WSLCB – Tribal Advisory Council
(April 24, 2019)

Here are some observations of the Wednesday April 24th WSLCB Tribal Advisory Council meeting.

My top 3 takeaways:

  • The WSLCB Tribal Advisory Council is a renewed government-to-government consultative body which is quite different from WSLCB’s industry councils and workgroups.
    • The Tribal Advisory Council (TAC) consists of delegations from federally-recognized, sovereign tribal governments which have entered into policy compacts with the State of Washington, or are considering doing so. The power dynamic of the TAC is fundamentally different from other WSLCB-organized bodies such as the Cannabis Advisory Council or Alcohol Advisory Council, which are means for WSLCB to interface with groups of licensees or representatives of licensees.
    • According to the testimony of participants, the TAC was originally formed to assist during the privatization of spirits sales in the 2011-2012 timeframe. After privatization, meetings of the group were suspended. This event was the first gathering of a reconstituted TAC since the passage of I-502, and focused on cannabis.
    • In 2015, HB 2000 authorized the governor to enter into agreements concerning marijuana with federally recognized Indian tribes located in Washington State (RCW 43.06.490). The Governor subsequently “delegated the negotiation authority for these compacts to the Washington State Liquor and Cannabis Board.”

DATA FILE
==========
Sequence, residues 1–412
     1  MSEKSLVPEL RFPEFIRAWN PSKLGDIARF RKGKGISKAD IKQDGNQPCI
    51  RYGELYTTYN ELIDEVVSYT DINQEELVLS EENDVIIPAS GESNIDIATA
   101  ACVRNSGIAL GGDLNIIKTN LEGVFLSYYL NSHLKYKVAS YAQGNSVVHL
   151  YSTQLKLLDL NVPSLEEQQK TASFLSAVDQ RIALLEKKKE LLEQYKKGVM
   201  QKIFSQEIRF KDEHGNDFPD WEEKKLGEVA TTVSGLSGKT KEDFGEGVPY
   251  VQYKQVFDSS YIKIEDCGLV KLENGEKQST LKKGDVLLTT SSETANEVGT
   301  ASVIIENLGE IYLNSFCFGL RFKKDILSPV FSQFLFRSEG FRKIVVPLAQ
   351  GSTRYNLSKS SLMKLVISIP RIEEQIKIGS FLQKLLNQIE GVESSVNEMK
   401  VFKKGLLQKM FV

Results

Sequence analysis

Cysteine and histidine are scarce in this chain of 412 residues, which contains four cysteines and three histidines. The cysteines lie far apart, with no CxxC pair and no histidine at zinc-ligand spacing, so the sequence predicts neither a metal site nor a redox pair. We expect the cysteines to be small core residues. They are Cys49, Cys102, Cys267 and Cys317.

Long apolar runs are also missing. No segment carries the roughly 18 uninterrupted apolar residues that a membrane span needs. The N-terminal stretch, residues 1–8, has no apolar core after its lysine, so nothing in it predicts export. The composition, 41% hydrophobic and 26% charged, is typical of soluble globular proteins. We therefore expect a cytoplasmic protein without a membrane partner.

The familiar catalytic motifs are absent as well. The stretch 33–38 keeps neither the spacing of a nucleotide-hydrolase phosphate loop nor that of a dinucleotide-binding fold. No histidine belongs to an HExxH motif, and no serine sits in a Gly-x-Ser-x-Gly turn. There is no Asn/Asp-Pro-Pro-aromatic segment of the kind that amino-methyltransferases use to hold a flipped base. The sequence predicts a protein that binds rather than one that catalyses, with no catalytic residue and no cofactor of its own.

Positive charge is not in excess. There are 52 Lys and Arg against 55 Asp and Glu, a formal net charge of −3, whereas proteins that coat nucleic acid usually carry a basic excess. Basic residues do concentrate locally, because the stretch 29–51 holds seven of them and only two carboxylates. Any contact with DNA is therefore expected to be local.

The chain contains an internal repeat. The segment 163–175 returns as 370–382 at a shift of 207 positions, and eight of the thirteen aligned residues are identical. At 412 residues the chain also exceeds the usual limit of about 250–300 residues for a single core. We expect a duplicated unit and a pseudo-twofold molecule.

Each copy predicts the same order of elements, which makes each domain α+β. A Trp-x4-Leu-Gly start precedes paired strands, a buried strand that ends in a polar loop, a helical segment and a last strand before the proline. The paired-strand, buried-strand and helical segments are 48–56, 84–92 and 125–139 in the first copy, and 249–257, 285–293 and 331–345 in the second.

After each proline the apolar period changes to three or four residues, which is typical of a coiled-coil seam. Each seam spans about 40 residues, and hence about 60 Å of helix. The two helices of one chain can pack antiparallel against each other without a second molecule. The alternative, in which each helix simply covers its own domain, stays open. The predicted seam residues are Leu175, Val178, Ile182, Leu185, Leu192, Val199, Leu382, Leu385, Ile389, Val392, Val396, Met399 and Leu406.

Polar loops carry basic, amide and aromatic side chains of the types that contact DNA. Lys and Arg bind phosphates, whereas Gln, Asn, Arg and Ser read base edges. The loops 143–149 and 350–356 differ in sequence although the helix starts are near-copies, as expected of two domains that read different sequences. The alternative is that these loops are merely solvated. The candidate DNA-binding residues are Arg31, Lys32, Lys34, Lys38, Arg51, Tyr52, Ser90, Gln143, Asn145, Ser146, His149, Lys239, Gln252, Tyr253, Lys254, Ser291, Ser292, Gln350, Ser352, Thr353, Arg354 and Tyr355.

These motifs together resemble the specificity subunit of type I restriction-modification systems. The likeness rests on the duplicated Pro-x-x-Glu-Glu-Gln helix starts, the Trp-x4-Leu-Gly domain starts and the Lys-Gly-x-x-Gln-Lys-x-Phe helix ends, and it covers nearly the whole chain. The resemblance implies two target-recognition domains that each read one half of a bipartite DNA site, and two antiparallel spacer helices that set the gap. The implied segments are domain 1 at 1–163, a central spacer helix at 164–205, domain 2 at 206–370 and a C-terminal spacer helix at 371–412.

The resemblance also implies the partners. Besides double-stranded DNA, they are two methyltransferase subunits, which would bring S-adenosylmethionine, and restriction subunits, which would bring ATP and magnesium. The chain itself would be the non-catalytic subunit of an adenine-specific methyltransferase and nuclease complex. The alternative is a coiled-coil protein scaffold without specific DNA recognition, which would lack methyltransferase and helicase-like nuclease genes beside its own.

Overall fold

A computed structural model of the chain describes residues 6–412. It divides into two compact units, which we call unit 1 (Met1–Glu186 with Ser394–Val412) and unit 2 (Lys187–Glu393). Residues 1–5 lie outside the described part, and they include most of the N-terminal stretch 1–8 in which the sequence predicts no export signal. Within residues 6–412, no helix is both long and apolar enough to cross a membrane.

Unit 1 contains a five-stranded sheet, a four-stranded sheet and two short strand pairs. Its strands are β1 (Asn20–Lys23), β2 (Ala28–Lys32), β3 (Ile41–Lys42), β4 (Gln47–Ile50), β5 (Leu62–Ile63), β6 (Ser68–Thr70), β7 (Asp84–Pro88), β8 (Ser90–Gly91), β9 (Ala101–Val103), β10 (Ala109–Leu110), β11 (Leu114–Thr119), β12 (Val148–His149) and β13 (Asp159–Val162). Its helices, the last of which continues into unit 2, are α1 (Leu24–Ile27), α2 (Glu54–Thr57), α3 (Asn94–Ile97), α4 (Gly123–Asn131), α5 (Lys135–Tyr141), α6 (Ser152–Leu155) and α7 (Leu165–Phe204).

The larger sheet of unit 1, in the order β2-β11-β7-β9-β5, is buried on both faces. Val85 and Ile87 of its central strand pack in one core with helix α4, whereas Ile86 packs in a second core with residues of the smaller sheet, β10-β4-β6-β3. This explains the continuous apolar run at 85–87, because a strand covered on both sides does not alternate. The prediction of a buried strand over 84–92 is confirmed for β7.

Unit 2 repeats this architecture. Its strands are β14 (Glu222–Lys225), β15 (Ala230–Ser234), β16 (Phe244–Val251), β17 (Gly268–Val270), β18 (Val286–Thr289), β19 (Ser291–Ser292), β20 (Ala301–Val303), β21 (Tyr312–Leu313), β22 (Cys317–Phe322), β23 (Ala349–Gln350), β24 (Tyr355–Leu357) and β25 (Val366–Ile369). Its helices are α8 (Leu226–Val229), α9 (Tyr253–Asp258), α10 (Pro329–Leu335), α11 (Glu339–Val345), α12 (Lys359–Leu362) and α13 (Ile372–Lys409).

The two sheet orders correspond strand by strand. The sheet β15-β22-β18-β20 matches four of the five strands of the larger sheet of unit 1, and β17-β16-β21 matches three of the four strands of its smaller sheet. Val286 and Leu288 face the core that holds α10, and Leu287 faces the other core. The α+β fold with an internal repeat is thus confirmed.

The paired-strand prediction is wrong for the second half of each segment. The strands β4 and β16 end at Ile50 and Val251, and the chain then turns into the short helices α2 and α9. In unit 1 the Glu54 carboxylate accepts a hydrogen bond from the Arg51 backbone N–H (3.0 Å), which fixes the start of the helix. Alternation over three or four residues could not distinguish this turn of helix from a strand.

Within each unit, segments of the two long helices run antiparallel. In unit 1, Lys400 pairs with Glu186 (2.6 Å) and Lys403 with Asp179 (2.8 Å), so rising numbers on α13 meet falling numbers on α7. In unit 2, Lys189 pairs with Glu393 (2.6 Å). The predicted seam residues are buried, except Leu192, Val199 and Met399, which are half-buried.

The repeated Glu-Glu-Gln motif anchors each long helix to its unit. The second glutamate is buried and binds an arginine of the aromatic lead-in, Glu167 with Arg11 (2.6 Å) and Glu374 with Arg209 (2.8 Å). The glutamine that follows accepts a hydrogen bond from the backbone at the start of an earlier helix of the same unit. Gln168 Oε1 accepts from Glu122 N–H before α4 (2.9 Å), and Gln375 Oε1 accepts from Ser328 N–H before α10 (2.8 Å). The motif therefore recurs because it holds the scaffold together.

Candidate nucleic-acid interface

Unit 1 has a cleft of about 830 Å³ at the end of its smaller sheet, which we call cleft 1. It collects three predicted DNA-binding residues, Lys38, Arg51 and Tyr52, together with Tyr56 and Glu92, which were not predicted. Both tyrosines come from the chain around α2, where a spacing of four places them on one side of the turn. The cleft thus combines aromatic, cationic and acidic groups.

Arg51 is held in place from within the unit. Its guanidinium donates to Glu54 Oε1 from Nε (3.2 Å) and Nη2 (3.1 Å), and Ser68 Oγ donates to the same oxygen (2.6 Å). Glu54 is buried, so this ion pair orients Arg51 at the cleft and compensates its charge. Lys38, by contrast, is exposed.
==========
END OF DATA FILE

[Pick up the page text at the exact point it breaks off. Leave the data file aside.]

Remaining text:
• The WSLCB has entered into 11 marijuana compacts “and is actively negotiating several more.” Each compact is unique, but can start from the WSLCB’s compact template. Cannabis Observer has obtained copies of ten original compacts via public records requests, but has not obtained any subsequent amendments. It’s our understanding that The Confederated Tribes of the Colville Reservation may be the eleventh tribe compacted with the State.
    • Cannabis Observer documented 58 participants at the Tribal Advisory Council meeting, including:
      • All three WSLCB Board Members
      • 13 WSLCB agency staff including the Director, Deputy Director, and Enforcement Chief
      • Two WSLCB attorneys from the Office of the Attorney General
      • Two Department of Health (DOH) staff
      • Delegations from 20 tribal governments
    • The Suquamish Tribe hosted the TAC meeting at the Suquamish Clearwater Casino Resort. Suquamish Chairman Leonard Forsman acted as WSLCB Board Member Russ Hauge’s counterpart helping guide the conversation. Chairman Forsman’s initial address provided helpful background context and established a mutually respectful tone for the meeting (audio – 6m).
  • WSLCB and Department of Health staff prepared four informational presentations for the assembled council.
  • The Tribal Advisory Council’s roundtable discussion was brief and participants adjourned early.
    • Suquamish Treasurer Robin Sigo voiced “a few concerns” (audio – 4m).
      • Sigo emphasized the primacy of the government-to-government relationship and called into question the presentation of WSLCB’s rulemaking process because “federal Indian law precludes the state from enforcing its civil regulatory laws in Indian country.”